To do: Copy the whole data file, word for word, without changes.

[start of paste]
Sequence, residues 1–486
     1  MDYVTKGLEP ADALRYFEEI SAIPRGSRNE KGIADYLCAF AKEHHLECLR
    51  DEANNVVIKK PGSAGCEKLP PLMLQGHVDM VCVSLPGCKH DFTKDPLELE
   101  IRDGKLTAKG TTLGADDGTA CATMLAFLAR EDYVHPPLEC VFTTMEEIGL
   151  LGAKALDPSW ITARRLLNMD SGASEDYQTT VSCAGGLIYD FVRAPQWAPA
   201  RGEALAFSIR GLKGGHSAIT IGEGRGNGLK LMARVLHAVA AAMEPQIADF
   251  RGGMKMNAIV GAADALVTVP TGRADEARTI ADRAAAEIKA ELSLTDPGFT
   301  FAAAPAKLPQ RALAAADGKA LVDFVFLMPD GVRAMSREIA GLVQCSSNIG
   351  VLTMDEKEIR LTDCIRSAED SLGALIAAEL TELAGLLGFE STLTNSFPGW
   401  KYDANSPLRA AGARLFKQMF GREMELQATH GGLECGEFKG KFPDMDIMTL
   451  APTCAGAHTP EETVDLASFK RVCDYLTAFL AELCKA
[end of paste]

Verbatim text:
Sequence, residues 1–486
     1  MDYVTKGLEP ADALRYFEEI SAIPRGSRNE KGIADYLCAF AKEHHLECLR
    51  DEANNVVIKK PGSAGCEKLP PLMLQGHVDM VCVSLPGCKH DFTKDPLELE
   101  IRDGKLTAKG TTLGADDGTA CATMLAFLAR EDYVHPPLEC VFTTMEEIGL
   151  LGAKALDPSW ITARRLLNMD SGASEDYQTT VSCAGGLIYD FVRAPQWAPA
   201  RGEALAFSIR GLKGGHSAIT IGEGRGNGLK LMARVLHAVA AAMEPQIADF
   251  RGGMKMNAIV GAADALVTVP TGRADEARTI ADRAAAEIKA ELSLTDPGFT
   301  FAAAPAKLPQ RALAAADGKA LVDFVFLMPD GVRAMSREIA GLVQCSSNIG
   351  VLTMDEKEIR LTDCIRSAED SLGALIAAEL TELAGLLGFE STLTNSFPGW
   401  KYDANSPLRA AGARLFKQMF GREMELQATH GGLECGEFKG KFPDMDIMTL
   451  APTCAGAHTP EETVDLASFK RVCDYLTAFL AELCKA